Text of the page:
A couple of weeks ago I experienced a part of endometriosis I’d heard of but didn’t think would ever affect me. The symptoms I experienced were similar to those of endometriosis of the bowel. Because endometriosis of the reproductive system isn’t fun enough on its own, roughly 15-20 % of women who have endometriosis will also experience endometriosis of the bowel. This is when the same endometrial material that grows outside the uterus to grow on the bowel.
‘The normal bowel stretches a lot. A bowel with endometriosis is hard, it does not stretch as much. Again, that is another source of the pain that these people are going to be experiencing.’ This is exactly what happened to me, leaving me in so much pain because I needed to have a bowel movement but my bowel wasn’t stretching open wide enough to allow for one. I was seriously, very close to asking Mando to excavate poop from my butt for me. It was that bad.
I had heard of endometriosis of the bowel but didn’t know the symptoms and was never asked about it by my gynecologist or told to look out for it.
If I had known to look out for the symptoms below, I may have caught it sooner.
Symptoms of endometrial growth on the bowel:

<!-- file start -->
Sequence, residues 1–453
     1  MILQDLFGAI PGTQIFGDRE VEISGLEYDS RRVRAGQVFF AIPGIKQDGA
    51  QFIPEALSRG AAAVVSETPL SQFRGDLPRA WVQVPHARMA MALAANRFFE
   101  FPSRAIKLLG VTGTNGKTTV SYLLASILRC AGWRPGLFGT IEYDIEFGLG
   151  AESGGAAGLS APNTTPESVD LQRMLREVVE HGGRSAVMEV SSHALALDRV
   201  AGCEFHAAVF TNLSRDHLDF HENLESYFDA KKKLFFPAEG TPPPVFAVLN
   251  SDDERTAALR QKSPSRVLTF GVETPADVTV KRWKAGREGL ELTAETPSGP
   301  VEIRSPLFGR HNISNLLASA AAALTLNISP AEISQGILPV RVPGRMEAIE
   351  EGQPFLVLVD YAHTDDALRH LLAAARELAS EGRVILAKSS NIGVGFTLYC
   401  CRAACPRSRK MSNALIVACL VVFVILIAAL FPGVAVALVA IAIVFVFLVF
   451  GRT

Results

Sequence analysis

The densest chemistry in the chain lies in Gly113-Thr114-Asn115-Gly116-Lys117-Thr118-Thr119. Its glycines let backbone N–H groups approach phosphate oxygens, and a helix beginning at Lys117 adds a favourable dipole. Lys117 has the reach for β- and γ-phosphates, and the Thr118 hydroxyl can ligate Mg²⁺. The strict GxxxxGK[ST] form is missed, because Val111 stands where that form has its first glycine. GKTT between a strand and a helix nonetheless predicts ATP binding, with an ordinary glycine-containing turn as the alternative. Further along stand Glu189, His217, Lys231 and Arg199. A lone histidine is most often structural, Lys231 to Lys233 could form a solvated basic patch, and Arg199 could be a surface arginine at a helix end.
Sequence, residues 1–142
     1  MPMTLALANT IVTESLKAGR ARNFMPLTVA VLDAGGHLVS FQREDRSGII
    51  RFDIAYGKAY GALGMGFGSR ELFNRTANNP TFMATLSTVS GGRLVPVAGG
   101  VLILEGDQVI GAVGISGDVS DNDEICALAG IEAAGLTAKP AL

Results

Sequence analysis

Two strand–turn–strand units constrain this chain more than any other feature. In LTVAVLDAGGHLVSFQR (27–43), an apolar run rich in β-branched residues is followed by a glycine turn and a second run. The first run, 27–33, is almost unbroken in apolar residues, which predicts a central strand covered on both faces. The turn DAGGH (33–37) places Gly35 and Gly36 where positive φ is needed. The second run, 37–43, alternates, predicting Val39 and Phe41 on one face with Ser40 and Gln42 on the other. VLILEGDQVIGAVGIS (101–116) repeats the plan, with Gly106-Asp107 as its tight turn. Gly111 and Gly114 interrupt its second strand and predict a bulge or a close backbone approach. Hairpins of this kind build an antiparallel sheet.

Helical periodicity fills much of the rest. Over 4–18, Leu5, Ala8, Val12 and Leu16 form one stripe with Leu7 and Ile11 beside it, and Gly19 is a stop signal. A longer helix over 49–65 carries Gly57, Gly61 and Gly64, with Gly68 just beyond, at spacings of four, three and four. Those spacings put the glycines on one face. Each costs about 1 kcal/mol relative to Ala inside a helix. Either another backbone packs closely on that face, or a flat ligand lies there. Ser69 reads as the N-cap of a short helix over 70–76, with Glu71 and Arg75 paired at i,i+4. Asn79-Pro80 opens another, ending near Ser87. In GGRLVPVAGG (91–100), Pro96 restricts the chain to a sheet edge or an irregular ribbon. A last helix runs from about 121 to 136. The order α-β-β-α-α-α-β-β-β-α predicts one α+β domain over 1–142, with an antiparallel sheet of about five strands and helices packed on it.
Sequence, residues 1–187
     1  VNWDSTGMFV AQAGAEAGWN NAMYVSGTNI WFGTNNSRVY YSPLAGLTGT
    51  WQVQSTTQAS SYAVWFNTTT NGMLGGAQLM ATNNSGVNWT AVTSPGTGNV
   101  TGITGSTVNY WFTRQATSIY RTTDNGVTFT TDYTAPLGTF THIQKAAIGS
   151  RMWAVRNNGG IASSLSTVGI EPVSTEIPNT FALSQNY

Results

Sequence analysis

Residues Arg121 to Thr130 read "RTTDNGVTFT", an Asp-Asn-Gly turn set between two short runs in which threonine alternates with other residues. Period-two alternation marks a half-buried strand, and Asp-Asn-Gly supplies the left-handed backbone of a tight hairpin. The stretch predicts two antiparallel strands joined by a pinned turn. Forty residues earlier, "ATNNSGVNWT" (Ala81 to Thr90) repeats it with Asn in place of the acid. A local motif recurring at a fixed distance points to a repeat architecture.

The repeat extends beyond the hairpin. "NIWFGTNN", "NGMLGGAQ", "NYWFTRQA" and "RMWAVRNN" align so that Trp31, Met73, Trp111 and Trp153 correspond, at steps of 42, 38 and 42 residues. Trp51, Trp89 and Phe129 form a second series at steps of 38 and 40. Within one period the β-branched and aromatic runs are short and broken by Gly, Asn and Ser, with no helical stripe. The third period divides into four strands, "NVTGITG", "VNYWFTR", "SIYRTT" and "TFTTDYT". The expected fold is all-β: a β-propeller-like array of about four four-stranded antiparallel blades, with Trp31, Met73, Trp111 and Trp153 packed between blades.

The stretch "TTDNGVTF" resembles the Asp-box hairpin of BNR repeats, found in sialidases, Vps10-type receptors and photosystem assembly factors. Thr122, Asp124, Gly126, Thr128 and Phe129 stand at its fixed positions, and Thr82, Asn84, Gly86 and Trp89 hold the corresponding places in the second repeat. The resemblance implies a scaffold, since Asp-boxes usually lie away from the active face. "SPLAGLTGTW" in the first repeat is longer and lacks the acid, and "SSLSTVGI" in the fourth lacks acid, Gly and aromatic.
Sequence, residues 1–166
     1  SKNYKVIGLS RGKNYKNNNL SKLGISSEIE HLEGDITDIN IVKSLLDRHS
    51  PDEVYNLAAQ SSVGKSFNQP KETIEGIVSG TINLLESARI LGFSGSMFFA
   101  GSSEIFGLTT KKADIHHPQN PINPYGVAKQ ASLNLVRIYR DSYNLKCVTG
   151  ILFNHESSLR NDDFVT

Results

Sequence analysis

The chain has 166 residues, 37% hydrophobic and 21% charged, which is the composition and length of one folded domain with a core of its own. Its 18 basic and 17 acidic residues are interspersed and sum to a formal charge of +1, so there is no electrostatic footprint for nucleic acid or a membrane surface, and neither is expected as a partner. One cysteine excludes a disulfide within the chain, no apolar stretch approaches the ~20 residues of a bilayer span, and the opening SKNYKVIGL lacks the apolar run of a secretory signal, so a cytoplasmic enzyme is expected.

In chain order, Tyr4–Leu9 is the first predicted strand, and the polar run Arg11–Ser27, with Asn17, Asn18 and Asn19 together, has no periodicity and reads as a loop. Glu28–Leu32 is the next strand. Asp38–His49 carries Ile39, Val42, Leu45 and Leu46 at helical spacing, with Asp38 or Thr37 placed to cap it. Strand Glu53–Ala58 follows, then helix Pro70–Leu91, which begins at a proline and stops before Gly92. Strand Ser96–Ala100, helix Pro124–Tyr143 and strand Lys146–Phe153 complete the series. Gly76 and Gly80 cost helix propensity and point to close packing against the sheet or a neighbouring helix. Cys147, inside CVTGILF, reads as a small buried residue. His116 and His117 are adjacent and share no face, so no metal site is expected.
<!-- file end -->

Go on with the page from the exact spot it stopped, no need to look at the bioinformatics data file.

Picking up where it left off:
- deep pelvic pain
- pelvic pain during sex
- painful bowel movements
- rectal bleeding
- inability to have a bowel movement
Unfortunately, when patients first come in with these symptoms doctors typically test for gluten issues or assume what they are dealing with is IBS. Because endometriosis can mimic other diseases like IBS, and even cancer, it’s difficult to know exactly what’s going on in each particular situation without proper intake questions and understanding a patients life in detail.
During my research into how western medicine treats endometriosis of the bowel I found that much like endometriosis of the reproductive system, there is mostly confusing and incomplete information regarding the subject. I literally found the sentence, ‘what your gynecologist or gastroenterologist might not know or might not want to tell you.’
‘Might not want to tell you?’ WTF? I might be able to forgive not knowing something because of limited education surrounding the subject but knowing a pertinent piece of health information about a patient and not wanting to tell them because you lack knowledge on the subject of proper healing is INSANE.
To make my particular case even more intricate is the fact I have been dealing with hemorrhoids since I was ten years old. Hemorrhoids are swollen veins in the rectum and anus that can be inside and/or outside of the rectum and cause pain and sometimes bleeding during bowel movements. It’s likely my symptoms could’ve been aggravated by my hemorrhoids making it difficult to differentiate. It looks like I’m going to have to dig a little deeper, no pun intended, to find out exactly what’s going on.
I have the choice again to get an invasive a test, this time a colonoscopy that isn’t entirely necessary, to maybe get a diagnosis that might be wrong. The last time this happened I was offered laparoscopy to find out for sure if I had endometriosis even though my gynecologist was about 90% sure that it was, and have it removed, even though there was a large chance it could grow back without proper dietary and lifestyle changes.